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Reviews Categories | QRP Radios (5 watts or less) | Ramsey HRxx QRP Receiver Kits Help


Reviews Summary for Ramsey HRxx QRP Receiver Kits
Ramsey HRxx QRP Receiver Kits Reviews: 11 Average rating: 3.1/5 MSRP: $29.95
Description: These little receivers are based upon the hot Signetics
NE-602 that we read about almost every month in all of the
ham magazines and handbooks. The receivers are true
superheterodyne direct conversion - a simple design that
does not require the use of fancy IFs, RF filters, or exotic
mixers, in short, the ideal design for easy hobby building.
Only recently have high performance ICs become available
that enable such circuitry to be constructed. Beginners can
easily build these receivers. And, experienced amateurs and
QRP enthusiasts can use them as a reliable, economical,
basic foundation for modifications. Our single PC board has
plenty of room for lots of modifications and hook-ups,
tinker to your hearts content. Suggestions and technical
info are included in every receiver manual. Isn?t this what
ham radio is all about? Operates on 9 V battery (not
included). Optional case size: 5?w x 5 1/4?d x 1 1/2?h.
Product is in production.
More info: http://www.ramseyelectronics.com/cgi-bin/commerce.exe?preadd=action&key=HRXX
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NG9D Rating: 4/5 Jul 26, 2016 07:50 Send this review to a friend
PDSA  Time owned: more than 12 months
A kit like this is good for learning to identify parts, assemble a simple radio and learning the value of a resonant antenna. I agree that for most hams this receiver kit is essentially unsuited for two-way communication and for an unguided novice it might be considered as a disappointment.

But there is a lot to learn from even simple devices like the Ramsey DC receiver when used along with continuing PDSA (Plan, Do, Study, Act) cycle.

I posted a couple of videos that show how frequency stability can be improved by putting the cover on the radio and allowing it to warm up: https://youtu.be/BWNXId_oqBQ Here is another example with the cover off, and air currents causing the receiver to become somewhat less stable: https://youtu.be/gQyf1deyVXY . The tuning range has been reduced by changing a capacitor.
 
KU4UV Rating: 0/5 Mar 5, 2016 11:46 Send this review to a friend
Absolute Junk!  Time owned: 0 to 3 months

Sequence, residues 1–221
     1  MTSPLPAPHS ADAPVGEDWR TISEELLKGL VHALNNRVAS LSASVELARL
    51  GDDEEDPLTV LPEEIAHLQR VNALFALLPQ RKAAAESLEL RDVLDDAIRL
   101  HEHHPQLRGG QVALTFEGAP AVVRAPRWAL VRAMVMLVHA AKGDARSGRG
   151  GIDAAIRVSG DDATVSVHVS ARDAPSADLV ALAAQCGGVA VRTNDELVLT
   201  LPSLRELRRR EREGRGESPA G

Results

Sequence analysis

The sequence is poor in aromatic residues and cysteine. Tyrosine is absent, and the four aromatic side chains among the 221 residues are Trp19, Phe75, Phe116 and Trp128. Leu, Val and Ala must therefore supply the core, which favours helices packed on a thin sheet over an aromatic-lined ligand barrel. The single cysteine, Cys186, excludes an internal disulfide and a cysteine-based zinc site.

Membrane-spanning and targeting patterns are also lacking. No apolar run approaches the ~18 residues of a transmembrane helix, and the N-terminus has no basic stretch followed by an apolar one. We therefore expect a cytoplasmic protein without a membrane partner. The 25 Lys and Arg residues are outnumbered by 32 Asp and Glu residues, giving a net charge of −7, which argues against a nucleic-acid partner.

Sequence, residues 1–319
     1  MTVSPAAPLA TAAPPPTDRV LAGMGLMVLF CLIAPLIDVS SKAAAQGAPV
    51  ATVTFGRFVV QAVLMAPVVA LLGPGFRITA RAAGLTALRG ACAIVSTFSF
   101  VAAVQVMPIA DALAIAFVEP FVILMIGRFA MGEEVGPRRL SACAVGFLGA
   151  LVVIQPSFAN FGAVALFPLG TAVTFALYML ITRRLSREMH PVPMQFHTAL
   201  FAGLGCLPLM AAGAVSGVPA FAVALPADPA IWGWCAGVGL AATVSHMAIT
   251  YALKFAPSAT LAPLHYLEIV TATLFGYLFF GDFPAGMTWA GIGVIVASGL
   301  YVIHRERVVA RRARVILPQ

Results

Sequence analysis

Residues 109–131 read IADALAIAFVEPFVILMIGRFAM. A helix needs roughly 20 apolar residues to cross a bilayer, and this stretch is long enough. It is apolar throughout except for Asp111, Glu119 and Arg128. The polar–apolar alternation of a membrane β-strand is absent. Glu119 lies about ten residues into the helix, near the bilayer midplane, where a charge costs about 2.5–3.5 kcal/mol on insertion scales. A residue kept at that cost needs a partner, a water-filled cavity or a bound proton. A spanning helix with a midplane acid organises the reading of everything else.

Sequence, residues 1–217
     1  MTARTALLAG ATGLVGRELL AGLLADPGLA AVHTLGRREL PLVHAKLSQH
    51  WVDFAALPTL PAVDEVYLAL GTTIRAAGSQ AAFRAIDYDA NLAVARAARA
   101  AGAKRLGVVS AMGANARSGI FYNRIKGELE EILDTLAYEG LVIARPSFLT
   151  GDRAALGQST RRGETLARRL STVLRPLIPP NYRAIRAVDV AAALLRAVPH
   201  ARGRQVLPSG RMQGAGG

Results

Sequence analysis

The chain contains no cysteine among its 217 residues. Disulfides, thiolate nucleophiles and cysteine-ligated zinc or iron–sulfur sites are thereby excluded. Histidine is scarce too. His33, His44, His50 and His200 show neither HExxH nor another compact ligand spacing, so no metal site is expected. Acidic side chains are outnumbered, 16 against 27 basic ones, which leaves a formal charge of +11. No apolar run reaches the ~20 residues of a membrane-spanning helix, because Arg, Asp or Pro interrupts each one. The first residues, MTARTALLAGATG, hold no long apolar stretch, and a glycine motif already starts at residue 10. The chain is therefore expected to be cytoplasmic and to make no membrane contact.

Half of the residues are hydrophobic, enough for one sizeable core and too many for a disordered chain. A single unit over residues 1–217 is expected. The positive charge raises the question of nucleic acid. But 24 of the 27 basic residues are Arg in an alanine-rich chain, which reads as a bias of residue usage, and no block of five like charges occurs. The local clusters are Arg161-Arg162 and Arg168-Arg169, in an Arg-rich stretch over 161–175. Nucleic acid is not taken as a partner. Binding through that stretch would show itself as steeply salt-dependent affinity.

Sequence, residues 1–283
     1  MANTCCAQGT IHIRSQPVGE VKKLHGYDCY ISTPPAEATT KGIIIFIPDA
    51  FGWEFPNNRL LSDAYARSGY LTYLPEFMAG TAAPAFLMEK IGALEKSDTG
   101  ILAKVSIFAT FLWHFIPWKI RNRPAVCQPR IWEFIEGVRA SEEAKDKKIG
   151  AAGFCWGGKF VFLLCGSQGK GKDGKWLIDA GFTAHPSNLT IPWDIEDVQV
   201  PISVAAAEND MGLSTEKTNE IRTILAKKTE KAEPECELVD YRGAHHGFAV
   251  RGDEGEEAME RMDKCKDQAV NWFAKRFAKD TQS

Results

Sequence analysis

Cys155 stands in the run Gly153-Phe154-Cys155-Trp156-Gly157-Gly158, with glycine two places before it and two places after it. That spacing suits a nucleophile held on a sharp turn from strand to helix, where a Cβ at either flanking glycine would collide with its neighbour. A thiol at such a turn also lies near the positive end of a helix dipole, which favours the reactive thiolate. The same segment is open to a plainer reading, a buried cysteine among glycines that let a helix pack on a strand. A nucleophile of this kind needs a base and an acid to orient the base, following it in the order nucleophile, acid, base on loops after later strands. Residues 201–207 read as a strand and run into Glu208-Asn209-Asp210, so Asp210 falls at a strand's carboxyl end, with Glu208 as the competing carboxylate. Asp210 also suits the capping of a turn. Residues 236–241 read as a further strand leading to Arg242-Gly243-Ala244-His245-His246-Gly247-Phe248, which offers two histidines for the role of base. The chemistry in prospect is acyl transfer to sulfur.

Now that Ramsey has gone out of the kit business, I thought I would give this kit a try. I should have listened to the other reviewers when they said this thing was junk. The low parts count should have been a dead giveaway. I picked the kit up on Amazon.com for $15, but the kit isn't even worth that price. The kit is easy enough to build, but the performance, quite simply, is a joke! I never could get the receiver aligned anywhere close to the 40 meter band, and I was only able to pull in one or two strong shortwave stations. I would love to know how anyone that has built this kit ever got it to work. This has got to be the worst receiver kit out there. No wonder Ramsey went out of business. Stay as far away from this kit as you can!
 
W7MBR Rating: 0/5 May 11, 2014 12:38 Send this review to a friend
ZERO-ZERO-ZERO  Time owned: 0 to 3 months
If I Could Have Rated The Ramsey HR20 Any Lower I Would Have. The only Reason I Am Keeping This Receiver In My Collection Is To Have An Example Of The Worst Receiver On The Market. Here Is A List Of The ZERO'S: Stability, Drift, Horrible Microphonics, RX Freq Pulls When Adjusting Volume And RF Gain Controls, Even With Mods And A Larger Tuning Knob Stations Are Hard To Tune, Nearly Impossible To Zero Beat The Matching Ramsey QRP20 Transmitter To The HR20, No Frequency Readout, No Receiver Mute Just Overloads Loudly In Your Ears When Transmitting, Lacks Good Audio Gain, Poor Selectivity, Sub Par Components Except For The PC Board. The Super Cheap 10K Pot Used In The Critical Tuning System Has A loose Shaft Causing Warble When Tuning. I Have Several Other Direct Conversion Receivers That Can Run Circles Around The HR20. Do Not Buy This Receiver For Communications Use. Even With Several Modifications That Can Be Made To It, The Fact remains You Still Have A Poorly Designed Basic Circuit. Ramsey You Should Be Ashamed.
 
WB3T Rating: 0/5 Apr 17, 2012 19:53 Send this review to a friend
A Joke  Time owned: more than 12 months
First, if you can get it to tune at all, it drifts much faster than is usable in a QSO. The slug-tuned inductor in the oscillator circuit drifts even when it's turned off, overnight, by more than 1 MHz. That's "mechanical drift," meaning the value of the inductor drifts just sitting there unpowered as the coil creeps inside the can.

Also, if you put your hand anywhere near the unit, it will detune from proximity effect. Ramsey has once again used the cheapest parts they can find and it shows up in lack of performance. This is an awful kit (which I would not call a radio but a toy at best), and I have built three of them over the years for different bands. You can replace the inductor with one of suitable quality and stability, and shield the top, bottom, and front panel of the housing with aluminum foil to minimize proximity effect, but you won't cure it altogether.

I have since tried the Ten Tec Direct Conversion any-band receiver kit and it is way more stable.
 
NG9D Rating: 5/5 Feb 26, 2011 15:16 Send this review to a friend
Second Look  Time owned: more than 12 months
Update. Since I wrote the first review I reduced the tuning range to match the limited range of the matching RAMSEY transmitter. This makes it easier to find stations at or near the QRP calling frequency of 14.060 MHz. As a bonus, the radio became easier to tune and perhaps even more stable. I did an "A-B" test, comparing the mini-receiver to an Icom 746 Pro. I realize the Ramsey in no way matches the Icom as a communications receiver (in many ways) but for this particular test you can hear that the mini-receiver does produce surprisingly equivalent results! You can hear the test at the 3:00 minute mark in the video at: http://www.youtube.com/user/NG9D?feature=mhum